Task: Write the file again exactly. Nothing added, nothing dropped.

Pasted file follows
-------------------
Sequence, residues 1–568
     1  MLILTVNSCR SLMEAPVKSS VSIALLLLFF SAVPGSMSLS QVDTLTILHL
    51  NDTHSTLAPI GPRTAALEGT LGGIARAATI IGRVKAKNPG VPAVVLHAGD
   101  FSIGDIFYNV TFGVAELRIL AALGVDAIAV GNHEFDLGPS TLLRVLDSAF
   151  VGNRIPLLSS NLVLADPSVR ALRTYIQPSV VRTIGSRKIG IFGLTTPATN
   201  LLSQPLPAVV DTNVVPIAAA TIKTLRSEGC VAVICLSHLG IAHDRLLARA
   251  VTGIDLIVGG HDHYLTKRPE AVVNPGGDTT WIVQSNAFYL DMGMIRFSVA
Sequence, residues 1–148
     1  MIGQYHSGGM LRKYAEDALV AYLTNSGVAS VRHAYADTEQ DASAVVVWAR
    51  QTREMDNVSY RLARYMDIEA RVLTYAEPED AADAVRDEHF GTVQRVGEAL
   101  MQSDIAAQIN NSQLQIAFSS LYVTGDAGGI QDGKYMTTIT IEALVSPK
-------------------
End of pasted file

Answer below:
Sequence, residues 1–568
     1  MLILTVNSCR SLMEAPVKSS VSIALLLLFF SAVPGSMSLS QVDTLTILHL
    51  NDTHSTLAPI GPRTAALEGT LGGIARAATI IGRVKAKNPG VPAVVLHAGD
   101  FSIGDIFYNV TFGVAELRIL AALGVDAIAV GNHEFDLGPS TLLRVLDSAF
   151  VGNRIPLLSS NLVLADPSVR ALRTYIQPSV VRTIGSRKIG IFGLTTPATN
   201  LLSQPLPAVV DTNVVPIAAA TIKTLRSEGC VAVICLSHLG IAHDRLLARA
   251  VTGIDLIVGG HDHYLTKRPE AVVNPGGDTT WIVQSNAFYL DMGMIRFSVA
Sequence, residues 1–148
     1  MIGQYHSGGM LRKYAEDALV AYLTNSGVAS VRHAYADTEQ DASAVVVWAR
    51  QTREMDNVSY RLARYMDIEA RVLTYAEPED AADAVRDEHF GTVQRVGEAL
   101  MQSDIAAQIN NSQLQIAFSS LYVTGDAGGI QDGKYMTTIT IEALVSPK